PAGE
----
194. AIRLINES: CANARY IN THE COAL MINE
A common peak oiler argument is that airlines are the "canary in the coal mine":
In mining lore there is a story about miners placing a canary in the mineshaft to test the safety of its atmosphere. If the bird lives, the air's breathable and you're probably going to be ok. If the bird dies, get out quick. In today's world, the airline industry is that figurative canary in the mineshaft. For those wishing to know where the peak-oil crisis--as it pertains to the economy--will start, I think it is here.SourceThe theory is that airlines are more susceptible than other industries to high fuel prices, and we'll know we're in big trouble when the airlines begin to collapse.
Assuming that this is true, it's reassuring to see how healthy this "canary" is. This year has been a record-setting boom year for Boeing and Airbus:
If the airlines are on their death bed, why are they buying so many new planes?
Boeing may be on track to beat 1988 record for jet orders
SEATTLE (AP) — Boeing (BA) has booked 870 net jetliner orders so far this year, which the company says may put it on track to beat a record set in 1988.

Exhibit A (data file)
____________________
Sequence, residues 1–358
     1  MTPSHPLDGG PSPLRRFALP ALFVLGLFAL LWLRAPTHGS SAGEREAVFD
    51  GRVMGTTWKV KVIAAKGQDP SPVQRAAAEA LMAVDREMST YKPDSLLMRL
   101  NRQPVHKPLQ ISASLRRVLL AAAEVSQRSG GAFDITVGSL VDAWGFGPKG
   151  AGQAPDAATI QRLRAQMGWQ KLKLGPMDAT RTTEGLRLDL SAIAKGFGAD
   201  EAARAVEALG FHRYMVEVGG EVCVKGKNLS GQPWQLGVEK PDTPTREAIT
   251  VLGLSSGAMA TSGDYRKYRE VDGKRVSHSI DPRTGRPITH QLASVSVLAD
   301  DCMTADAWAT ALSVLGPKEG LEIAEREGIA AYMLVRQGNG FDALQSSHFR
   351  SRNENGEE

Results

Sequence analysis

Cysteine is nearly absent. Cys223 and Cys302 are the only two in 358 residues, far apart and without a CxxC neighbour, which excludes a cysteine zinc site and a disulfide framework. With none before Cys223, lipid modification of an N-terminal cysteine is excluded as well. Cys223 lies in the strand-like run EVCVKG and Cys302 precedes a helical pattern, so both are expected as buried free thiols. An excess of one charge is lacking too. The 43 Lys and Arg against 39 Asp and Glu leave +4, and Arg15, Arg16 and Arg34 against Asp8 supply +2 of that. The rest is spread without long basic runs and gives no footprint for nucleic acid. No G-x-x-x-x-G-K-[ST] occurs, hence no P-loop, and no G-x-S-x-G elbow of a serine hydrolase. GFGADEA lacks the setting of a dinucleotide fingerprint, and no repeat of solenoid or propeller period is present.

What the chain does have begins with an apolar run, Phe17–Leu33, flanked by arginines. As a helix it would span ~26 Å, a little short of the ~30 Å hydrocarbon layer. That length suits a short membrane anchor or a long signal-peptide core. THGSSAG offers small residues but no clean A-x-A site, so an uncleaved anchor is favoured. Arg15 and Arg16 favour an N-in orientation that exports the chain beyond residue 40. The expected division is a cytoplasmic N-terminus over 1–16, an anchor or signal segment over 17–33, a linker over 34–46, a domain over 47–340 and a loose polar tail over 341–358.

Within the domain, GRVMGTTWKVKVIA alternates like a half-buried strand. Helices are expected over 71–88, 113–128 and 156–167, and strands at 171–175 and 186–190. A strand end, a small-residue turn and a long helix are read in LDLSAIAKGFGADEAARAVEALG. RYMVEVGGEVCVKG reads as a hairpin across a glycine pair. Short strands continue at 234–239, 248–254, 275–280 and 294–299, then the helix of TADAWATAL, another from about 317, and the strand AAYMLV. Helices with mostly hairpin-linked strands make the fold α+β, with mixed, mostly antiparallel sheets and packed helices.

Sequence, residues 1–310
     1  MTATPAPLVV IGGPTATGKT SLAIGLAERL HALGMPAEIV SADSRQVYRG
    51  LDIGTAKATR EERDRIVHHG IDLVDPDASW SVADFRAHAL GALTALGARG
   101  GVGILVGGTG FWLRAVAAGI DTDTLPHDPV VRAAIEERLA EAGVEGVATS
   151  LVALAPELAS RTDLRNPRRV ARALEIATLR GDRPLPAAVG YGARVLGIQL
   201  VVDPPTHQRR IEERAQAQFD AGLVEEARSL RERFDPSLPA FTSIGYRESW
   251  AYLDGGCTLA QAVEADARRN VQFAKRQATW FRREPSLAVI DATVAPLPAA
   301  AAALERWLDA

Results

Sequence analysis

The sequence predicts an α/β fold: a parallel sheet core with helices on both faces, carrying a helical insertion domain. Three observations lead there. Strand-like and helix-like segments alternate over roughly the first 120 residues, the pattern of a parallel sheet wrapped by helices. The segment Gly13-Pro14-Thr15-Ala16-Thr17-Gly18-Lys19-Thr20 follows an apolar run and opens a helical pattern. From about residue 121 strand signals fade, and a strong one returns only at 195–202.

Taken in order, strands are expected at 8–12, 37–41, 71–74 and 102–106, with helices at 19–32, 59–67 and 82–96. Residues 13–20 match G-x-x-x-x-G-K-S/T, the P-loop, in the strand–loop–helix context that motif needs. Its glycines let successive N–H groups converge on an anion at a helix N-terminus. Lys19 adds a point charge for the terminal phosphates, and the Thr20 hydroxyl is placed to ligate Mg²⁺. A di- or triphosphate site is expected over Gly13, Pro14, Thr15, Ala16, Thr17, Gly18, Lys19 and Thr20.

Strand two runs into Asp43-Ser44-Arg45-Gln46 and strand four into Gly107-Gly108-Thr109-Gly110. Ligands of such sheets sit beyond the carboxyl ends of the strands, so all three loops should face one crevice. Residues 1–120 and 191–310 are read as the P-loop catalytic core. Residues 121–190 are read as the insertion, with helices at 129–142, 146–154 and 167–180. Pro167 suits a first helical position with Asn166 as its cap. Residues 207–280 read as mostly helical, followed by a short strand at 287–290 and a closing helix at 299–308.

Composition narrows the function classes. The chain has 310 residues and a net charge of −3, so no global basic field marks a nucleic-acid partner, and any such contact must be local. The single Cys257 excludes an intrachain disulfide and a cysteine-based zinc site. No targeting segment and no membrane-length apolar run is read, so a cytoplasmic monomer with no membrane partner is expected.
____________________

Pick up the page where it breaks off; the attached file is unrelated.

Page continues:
Boeing and McDonnell Douglas, who have since merged, booked 877 net orders that year.
The aerospace company, which produces commercial airplanes in Seattle, said Thursday that it may win more orders before the end of the year. That could push its total over the 1988 figure.Source
Check out the chart for Boeing stock:
As you can see, that's hardly the chart of a dying industry. Higher oil prices have led to booming business for Boeing, not collapse. Part of the reason is the increased drive for fuel efficiency:
Overall, Boeing is on track to sell more airplanes than Airbus for the first time in five years, amid strong demand for both companies' offerings. Airlines have been especially keen on the 787 because it promises up to 20% more fuel efficiency than any model on the market today — a key selling point as many airlines struggle to make money amid high fuel prices.SourceThis is interesting because it runs counter to the doomer theory that higher fuel prices lead to economic ills and decline. In the case of the aircraft industry, higher fuel prices are stimulating business, and driving new growth.
-- by JD